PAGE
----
Florida Could Be Hit by Eta Twice

Storm, which could turn back into a hurricane, might 'regroup' and make a second pass
By Newser Editors and Wire Services
Posted Nov 9, 2020 12:08 AM CST
Eta, Now a Tropical Storm, Hits Florida ... for First Pass
A couple walks along the beach during a downpour, Sunday, Nov. 8, 2020, on Miami Beach, Florida's famed South Beach.   (AP Photo/Wilfredo Lee)

Florida closed beaches and COVID testing sites, shut down public transportation and ordered some evacuations Sunday as Tropical Storm Eta took aim, bringing heavy rains to already flooded city streets after leaving scores dead and over 100 missing in Mexico and Central America. Eta made landfall late Sunday on Lower Matecumbe Key, Fla., the AP reports. Even if the storm doesn’t strengthen into a hurricane, its slow speed and heavy rains posed an enormous threat to South Florida, an area already drenched from more than 14 inches of rain last month. Eta could dump an additional 6 to 12 inches, forecasters said. “In some areas, the water isn’t pumping out as fast as it’s coming in,” warned Miami-Dade Commissioner Jose “Pepe” Diaz. “Please take this storm seriously,” urged Palm Beach County Emergency Management Director Bill Johnson. “Please don’t drive through flooded roadways.”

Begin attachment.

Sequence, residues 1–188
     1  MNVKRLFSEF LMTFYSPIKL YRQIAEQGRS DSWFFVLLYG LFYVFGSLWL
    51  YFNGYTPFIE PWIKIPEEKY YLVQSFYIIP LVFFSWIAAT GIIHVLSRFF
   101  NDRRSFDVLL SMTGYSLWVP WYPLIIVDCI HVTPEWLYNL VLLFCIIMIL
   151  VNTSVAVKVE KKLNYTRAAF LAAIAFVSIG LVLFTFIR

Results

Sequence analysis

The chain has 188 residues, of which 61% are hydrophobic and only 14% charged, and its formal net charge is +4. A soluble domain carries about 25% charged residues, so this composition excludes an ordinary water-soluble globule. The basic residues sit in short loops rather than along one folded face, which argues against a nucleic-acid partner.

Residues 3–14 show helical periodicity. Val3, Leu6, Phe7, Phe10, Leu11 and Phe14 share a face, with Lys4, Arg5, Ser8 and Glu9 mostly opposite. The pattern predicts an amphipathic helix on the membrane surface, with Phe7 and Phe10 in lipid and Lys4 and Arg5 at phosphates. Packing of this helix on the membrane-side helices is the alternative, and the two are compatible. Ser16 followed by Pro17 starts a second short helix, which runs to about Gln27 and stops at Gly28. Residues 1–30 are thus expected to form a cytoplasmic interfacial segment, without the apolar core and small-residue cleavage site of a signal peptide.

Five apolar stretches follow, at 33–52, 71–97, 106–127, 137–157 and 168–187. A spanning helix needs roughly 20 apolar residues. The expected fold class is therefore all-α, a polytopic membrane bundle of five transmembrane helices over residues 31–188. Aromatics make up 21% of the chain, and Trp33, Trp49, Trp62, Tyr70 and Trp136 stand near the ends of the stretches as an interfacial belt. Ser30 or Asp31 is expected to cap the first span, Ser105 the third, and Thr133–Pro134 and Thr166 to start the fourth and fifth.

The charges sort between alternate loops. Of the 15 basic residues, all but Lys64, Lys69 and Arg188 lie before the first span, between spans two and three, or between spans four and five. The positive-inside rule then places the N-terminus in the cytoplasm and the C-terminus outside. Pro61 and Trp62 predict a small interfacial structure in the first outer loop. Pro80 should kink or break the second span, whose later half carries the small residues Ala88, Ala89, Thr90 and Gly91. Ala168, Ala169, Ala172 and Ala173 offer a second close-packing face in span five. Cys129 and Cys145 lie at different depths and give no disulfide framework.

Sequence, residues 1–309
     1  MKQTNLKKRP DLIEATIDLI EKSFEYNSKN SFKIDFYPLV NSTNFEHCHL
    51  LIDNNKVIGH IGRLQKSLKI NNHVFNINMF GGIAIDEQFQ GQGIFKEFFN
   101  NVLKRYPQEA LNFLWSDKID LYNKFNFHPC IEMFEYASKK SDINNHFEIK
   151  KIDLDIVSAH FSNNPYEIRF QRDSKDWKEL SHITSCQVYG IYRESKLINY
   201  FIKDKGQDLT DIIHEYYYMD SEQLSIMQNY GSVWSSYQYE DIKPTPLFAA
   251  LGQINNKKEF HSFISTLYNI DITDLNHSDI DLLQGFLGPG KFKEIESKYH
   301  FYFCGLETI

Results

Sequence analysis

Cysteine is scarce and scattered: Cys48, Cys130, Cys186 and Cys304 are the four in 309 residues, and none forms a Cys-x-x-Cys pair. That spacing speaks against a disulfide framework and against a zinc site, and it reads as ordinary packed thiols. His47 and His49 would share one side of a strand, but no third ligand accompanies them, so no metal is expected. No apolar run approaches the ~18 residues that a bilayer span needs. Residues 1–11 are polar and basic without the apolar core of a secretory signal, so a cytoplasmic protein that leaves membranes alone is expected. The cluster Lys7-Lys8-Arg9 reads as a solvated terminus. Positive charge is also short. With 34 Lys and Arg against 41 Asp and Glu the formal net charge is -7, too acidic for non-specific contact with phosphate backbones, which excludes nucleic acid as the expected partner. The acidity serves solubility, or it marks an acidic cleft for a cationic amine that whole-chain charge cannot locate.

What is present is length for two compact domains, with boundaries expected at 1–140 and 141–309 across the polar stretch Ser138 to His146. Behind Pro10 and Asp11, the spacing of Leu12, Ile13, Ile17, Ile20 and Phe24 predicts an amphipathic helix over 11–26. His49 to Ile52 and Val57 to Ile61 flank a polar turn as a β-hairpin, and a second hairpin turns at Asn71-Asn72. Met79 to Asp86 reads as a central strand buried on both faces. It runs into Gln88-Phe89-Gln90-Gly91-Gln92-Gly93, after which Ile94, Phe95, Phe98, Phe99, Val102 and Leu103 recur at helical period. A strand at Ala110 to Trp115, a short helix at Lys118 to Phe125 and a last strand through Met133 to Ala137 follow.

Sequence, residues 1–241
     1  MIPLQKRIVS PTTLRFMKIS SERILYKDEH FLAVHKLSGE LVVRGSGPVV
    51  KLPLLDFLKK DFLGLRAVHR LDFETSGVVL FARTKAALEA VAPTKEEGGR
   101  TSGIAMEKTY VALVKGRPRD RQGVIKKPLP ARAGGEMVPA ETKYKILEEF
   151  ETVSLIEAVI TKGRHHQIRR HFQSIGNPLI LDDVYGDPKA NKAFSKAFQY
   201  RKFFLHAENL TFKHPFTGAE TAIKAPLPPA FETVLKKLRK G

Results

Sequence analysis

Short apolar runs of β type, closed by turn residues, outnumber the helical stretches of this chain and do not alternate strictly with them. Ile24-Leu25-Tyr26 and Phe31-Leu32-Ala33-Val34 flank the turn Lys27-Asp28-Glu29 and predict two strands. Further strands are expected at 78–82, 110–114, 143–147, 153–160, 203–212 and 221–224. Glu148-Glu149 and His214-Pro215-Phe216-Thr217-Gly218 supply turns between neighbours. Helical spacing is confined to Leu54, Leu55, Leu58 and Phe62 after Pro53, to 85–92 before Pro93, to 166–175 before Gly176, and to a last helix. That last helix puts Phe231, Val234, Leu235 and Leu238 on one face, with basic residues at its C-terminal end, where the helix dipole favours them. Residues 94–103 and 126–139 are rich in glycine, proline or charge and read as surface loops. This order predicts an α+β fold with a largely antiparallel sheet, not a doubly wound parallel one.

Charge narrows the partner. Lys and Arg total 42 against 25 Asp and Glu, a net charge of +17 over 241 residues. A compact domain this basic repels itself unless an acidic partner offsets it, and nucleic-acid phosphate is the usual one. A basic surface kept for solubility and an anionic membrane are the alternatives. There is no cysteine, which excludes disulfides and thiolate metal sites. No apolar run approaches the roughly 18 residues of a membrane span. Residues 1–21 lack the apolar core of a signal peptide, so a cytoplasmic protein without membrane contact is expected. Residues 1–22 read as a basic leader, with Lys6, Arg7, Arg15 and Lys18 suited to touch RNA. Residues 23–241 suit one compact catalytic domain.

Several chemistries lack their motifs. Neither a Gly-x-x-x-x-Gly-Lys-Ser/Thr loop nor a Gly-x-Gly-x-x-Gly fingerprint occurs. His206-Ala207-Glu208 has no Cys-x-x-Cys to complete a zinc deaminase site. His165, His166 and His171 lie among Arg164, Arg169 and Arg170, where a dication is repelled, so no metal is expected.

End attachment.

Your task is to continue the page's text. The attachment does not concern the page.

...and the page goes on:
Miami-Dade County Mayor Carlos Gimenez said he was in frequent contact with county water officials about the struggle to drain the flooded waters, which has stalled vehicles, whitewashed some intersections and even crept into some homes. The US National Hurricane Center in Miami declared hurricane and storm surge warnings for the Keys from Ocean Reef to the Dry Tortugas, including Florida Bay. Eta had maximum sustained winds of 65mph on Sunday night and was centered about 30 miles east-northeast of Marathon, Fla., and 70 miles east-northeast of Key West. It was moving west-northwest at 14mph. In the Florida Keys, the mayor ordered mandatory evacuations for mobile home parks, campgrounds, and RV parks and those in low-lying areas. Several schools districts closed. NPR notes the storm could "regroup" in the Gulf of Mexico and then hit Florida a second time. "You're going to be dealing with this all week," said NHC Director Ken Graham. "It's going to take a while to get this thing out of here." (More of the latest on the storm here.)

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